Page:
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Gift-Giving Policies for the Workplace

It’s the time of year when gift-giving shifts into high gear. Maybe a vendor sends an oversized tin of cookies or basket of fruit for the whole office to enjoy. Or maybe coworkers in neighboring cubicles pick out presents for each other. Sometimes a vendor or client hands over an expensive gift to one particular employee. Is it harmless fun or potential trouble?

A recent survey of employers by shows varying policies on workplace gift-giving. Some respondents say they have no policy and no problems. Others impose dollar limits on gifts employees can accept from coworkers or outsiders including vendors and clients.

Some respondents reported policies that prohibit supervisors from accepting gifts from subordinates. Other policies require gifts of significant value be reported to the CEO. Still other workplaces require gifts to individuals to be turned in at work where they’re used for giveaways at holiday office parties.

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Regardless of how an employer chooses to handle gifts, it’s important for employers to understand the pros and cons of office gift giving.

Brian R. Garrison with the Baker and Daniels law firm in Indianapolis says employers need to keep the potential negative effects of gift giving at work in mind. “However, if the company’s employees traditionally have exchanged gifts, or if the company’s employees have a holiday gift exchange, then I think it is wise for those companies to provide their employees with certain guidelines for their gift-giving,” he says.

He suggests guidelines such as:

  • Structuring the program so it’s run by the employees themselves, not the company.
  • Setting a limit on cost.
  • Informing employees that if they want to go beyond the dollar limit, then the gift should be exchanged outside of work.
  • Instructing employees that gifts must be appropriate for the workplace.
  • Informing employees that participation is completely optional.

Regarding gifts to and from vendors and customers, Garrison says policies often state that employees generally shouldn’t accept gifts or gratuities for doing the job the company pays them to do. But inevitably, employees often receive nominal gifts or promotional items, and those are often excluded from a general prohibition on gifts.

“The same goes for employees giving gifts to vendors/customers/clients, and for supervisors/managers accepting gifts from employees they supervise,” Garrison says. “Also to avoid the appearance of impropriety, to steer clear of issues that could create feelings of favoritism and resentment among employees, and to avoid issues regarding disparate treatment that could crop up in a discrimination lawsuit, supervisors/managers should not give gifts to employees they supervise unless all supervisors throughout the company are doing so,” Garrison advises.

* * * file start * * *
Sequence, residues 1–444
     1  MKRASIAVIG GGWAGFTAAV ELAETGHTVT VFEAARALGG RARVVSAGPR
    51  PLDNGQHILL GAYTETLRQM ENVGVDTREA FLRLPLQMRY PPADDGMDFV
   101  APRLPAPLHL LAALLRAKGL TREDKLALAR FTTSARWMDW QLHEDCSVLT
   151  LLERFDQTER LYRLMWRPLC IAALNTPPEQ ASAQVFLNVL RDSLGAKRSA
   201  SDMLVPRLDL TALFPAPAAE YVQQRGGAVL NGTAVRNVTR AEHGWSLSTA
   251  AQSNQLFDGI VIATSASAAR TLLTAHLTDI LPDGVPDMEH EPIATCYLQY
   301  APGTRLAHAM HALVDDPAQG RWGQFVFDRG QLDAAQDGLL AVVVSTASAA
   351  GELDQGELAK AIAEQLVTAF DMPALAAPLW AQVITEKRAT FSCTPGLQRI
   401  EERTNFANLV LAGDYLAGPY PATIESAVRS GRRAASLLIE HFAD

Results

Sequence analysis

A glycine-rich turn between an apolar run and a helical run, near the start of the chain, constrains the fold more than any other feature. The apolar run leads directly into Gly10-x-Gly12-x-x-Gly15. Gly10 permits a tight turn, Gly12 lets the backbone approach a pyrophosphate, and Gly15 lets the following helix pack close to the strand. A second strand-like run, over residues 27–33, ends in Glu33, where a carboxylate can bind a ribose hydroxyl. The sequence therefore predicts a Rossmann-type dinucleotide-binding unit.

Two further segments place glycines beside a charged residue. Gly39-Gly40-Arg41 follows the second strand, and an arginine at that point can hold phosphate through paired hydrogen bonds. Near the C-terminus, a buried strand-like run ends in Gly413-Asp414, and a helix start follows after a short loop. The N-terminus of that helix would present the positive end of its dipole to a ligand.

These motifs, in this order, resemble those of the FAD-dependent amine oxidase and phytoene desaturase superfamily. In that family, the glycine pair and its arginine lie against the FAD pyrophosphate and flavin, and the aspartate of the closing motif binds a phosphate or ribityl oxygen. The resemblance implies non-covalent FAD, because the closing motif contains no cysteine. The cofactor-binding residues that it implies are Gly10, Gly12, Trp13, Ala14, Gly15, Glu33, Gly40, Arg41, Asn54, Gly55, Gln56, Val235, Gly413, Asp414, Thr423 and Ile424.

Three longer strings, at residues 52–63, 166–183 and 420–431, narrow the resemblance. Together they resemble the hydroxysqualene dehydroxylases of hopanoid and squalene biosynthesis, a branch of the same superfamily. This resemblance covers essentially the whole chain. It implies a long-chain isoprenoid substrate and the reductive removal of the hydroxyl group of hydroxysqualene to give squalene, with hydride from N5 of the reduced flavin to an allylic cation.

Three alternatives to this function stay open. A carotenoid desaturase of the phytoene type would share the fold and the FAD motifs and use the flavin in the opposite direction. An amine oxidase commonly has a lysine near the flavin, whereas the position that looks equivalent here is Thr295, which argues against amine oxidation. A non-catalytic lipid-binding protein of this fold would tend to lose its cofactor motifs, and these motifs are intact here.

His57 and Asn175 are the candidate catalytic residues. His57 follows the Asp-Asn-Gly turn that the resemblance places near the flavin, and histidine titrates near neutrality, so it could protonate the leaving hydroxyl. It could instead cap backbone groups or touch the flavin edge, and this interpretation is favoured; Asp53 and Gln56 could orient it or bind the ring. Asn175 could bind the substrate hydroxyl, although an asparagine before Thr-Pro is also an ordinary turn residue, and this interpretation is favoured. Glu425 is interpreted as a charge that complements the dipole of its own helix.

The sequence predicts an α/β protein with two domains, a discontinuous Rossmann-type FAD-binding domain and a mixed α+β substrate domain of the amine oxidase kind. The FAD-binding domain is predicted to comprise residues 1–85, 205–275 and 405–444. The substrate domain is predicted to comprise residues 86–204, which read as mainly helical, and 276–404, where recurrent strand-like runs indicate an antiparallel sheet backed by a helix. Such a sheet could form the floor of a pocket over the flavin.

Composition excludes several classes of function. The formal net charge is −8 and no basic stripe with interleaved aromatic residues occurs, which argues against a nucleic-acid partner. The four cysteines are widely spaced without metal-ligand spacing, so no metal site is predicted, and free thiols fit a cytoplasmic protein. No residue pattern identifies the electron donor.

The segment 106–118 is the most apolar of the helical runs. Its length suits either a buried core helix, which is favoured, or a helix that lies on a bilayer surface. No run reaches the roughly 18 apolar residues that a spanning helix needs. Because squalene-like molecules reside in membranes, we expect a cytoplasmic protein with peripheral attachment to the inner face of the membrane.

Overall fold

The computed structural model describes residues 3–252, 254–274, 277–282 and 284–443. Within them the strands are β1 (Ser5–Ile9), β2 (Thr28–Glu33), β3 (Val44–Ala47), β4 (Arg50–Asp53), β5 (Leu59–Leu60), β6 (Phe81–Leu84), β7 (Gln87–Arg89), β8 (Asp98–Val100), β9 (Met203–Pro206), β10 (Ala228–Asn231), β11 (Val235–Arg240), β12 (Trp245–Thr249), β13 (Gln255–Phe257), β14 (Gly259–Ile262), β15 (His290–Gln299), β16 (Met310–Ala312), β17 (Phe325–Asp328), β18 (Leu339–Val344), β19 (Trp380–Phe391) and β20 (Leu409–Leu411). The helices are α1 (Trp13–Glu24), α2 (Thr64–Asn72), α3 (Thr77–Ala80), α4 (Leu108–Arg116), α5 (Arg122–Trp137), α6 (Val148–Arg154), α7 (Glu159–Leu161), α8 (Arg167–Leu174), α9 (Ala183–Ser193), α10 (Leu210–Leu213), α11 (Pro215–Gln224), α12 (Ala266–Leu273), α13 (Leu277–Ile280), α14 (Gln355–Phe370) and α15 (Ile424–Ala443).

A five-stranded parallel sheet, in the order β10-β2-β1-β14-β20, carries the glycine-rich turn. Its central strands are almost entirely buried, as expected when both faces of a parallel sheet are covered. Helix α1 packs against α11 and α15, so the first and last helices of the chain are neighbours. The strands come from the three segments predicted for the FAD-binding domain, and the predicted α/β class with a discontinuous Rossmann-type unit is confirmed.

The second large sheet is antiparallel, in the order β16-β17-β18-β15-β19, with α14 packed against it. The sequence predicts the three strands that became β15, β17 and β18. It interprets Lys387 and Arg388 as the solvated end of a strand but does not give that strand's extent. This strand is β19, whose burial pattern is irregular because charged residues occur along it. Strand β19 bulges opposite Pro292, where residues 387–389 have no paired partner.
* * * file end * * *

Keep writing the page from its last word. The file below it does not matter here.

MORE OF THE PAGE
Peyton Irby with Jones Walker in Jackson, Mississippi, says whether a policy is needed depends on the workforce. A multicultural workforce will have issues of heritage or religion that can be a problem if gifts are exchanged, he says.

Some employers have cost limits and limits on the kind of gift that’s acceptable (nothing of a personal nature). Still others don’t allow gift giving in the workplace, Irby says. “Gifts from vendors are generally considered shared gifts, and many employers place a cost limit or they must be returned. There is no one-size-fits-all policy,” he says.

Robert P. Tinnin, Jr., with Tinnin Law Firm in Albuquerque, New Mexico, says he thinks in most cases policies aren’t necessary. But if there’s “a developing trend in a given workplace over a period of time causing employees to think they HAVE to give gifts,” a policy might be advisable. Also, if gifts are “getting out of hand in terms of expense” or if they’re inappropriate, a policy may be necessary.

Here’s a sampling of employer responses from the HRhero survey:

  • “Secret Santa” gifts are allowed among employees who want to participate.
  • Gifts from clients that can be shared with others in the office are acceptable.
  • Employees are not allowed to accept gifts from vendors unless the gift is something like holiday cookies.
  • Nothing valued at more than $25 from a customer, vendor, or other third party can be accepted by an employee.
  • Gifts are allowed but “significantly expensive ones” must be reported to HR.
  • Guidelines say no gifts can be solicited, and only gifts of minimal value, such as inexpensive cups or pens, can be accepted.
  • Gifts such as fruit baskets are to be shared with a work group or donated.
  • No cash or gift cards can be accepted.
  • Gifts are limited to small-dollar value, and some gifts from vendors are shared in drawings with employees.
  • One respondent said the workplace policy doesn’t allow acceptance of “any gift, gratuity, favor, service, compensation, discount, special treatment or anything of monetary value from any supplier, vendor, or any individual or organization doing business with our company. Exceptions to this are business-meeting meals, consumable gifts offered to an entire work group, awards for meritorious civic service, unsolicited advertising or promotional materials of nominal value.”
  • Employees wishing to participate can bring gifts not to exceed $25 and then be given a ticket so they can select a gift at the holiday party. No one-to-one gift exchanges are allowed.
  • Employees are prohibited from receiving gifts from customers or vendors when the gift is valued at more than $50.
  • Any gift over $100 must be reported.
  • Any gift of a greater value than $10 must be returned or donated to the organization.
  • Another employer reported that there’s no policy and the subject has never been an issue.

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